Makila txikiena
Makila handiena
Uztai txikiena
Uztai handiena
Doinu zaharrak
Punta motz
Ehun eta bikoa

The brokel-dantza is a cycle of dances performed consecutively by 9 or 3 members of a dance group.  The dantzaris (dancers)   stand in two rows, headed by their “captain” or leader.  The dantzaris perform some of the dances of the cycle empty-handed.  They change positions and even sometimes change the structure of the layout and perform other dances clutching an implement, which they use to bang together.  The leader has a baton of authority similar to the one held by the “drum major” of the drum procession.

The number of dances in the brokel-dantza has changed over the years. Our version includes the following:

  • Boastitzea (Promenade)
  • Agurra edo erreberentzia (Dance of Greeting)
  • Makila txikiena (Dance of the Small Sticks)
  • Brokel-makilena (Buckler Dance)
  • Makila handiena (Dance of the Long Sticks)
  • Belauntxingoa (Wassail)
  • Uztai txikiena (Dance of the Small Arches)
  • Uztai handiena (Dance of the Long Arches)
  • Zinta-dantza (Ribbon Dance)

The ezpata-dantza, the jorrai-dantza and the San Juan dance, or pordoi-dantza, have often been danced with this group of Guipuzcoa dances, although they are also performed outside the context of the brokel-dantza. Given that Juan Ignacio Iztueta refers to them separately to the brokel-dantza, we have opted not to include them in this group.

Angel Murua believes that the characteristics of the brokel-danza allow it to be included in the "troqueo dance" category ("trokeo-dantzak"). “Troqueo” describes the act of the dancers changing positions and therefore dances where the dancers change positions is considered to be a troqueo dance. According to Murua, apart from the brokel-dantza,  the Antzuola Trokeo-dantza, the Lizartza Carnival dances, the Amezketa  Txantxoak, the Abaltzisketa Txantxoak, the  San Juan de Berasategi dances and the  Corpus de Oñate dances belong to the troqueo dance category.

In three of the dances that we have included in this brokel-dantza cycle, the dantzaris dance emptied handed, except for the captain or leader, who carries the baton of authority. In the rest of the dances, the dantzaris perform their moves wielding small sticks, long sticks, buckler shields (small shields) and long sticks, small and long arches.  They also use a maypole with coloured ribbons handing from the top. With the exception of the long  arch dances, the other five dances have the same structure and the dancers bang together the implements they are brandishing.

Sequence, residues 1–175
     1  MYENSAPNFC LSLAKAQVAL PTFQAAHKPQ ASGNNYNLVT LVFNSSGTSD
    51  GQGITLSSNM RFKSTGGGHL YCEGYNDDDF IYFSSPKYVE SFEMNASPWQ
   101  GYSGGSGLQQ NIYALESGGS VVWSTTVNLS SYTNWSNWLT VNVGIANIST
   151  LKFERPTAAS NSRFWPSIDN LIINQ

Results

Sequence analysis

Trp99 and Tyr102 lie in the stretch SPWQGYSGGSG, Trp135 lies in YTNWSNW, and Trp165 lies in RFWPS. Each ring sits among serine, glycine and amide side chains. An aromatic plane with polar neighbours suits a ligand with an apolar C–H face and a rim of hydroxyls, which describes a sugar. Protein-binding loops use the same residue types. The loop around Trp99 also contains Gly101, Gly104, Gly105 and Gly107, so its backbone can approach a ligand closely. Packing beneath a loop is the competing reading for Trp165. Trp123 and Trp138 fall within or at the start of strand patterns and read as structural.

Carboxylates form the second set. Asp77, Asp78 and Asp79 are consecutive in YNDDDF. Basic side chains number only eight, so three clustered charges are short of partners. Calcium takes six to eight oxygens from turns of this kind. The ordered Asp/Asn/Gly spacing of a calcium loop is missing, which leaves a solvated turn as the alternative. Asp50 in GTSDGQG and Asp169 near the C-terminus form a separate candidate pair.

The five dances where the dantzaris bang together their implements have the following structure: first of all, the captain or leader of the group dances the zortzio, performing the characteristic combinations of steps of the Guipuzcoa dances and  adding the variations and moves that allow him to show off his skill.  Once the leader has finished his performance, the group dances a zortziko during which the dantzaris move, sometimes changing positions and sometimes modifying the structure of the whole group. Following the zortziko, the dantzaris perform the so-called “set” (“jokoa”), consisting of each dantzari using its implement to hit the one held by the dantzari beside him in the same row and in the next row. The dantzaris bang their implements together when they are in their own position and when they are moving.  Each dance is name after the type of implement used in it. Thus, if bucklers and long sticks are used, the dance will be the “brokel-makilena”. If the dantzaris use two small sticks, it is the "makila txikiena". If large sticks are banged together, it is the "makila handiena", etc.

The data that we have used to prepare this study on the way to perform the Guipuzcoa dances have come from two main sources: on the one hand, we have relied on written documents. In this section, the work of Juan Ignacio Iztueta, Gipuzkoako dantza gogoangarrien condaira edo historia, published in 1824, is the outstanding reference book. Of course, all the available texts that refer to these dances were naturally also used. On the other hand, following the oral tradition, we have taken advantage of the lessons and accounts that the heirs of Iztueta have passed down from generation to generation to the present. It should be pointed out that both sources of information can be traced back to one original point: Iztueta.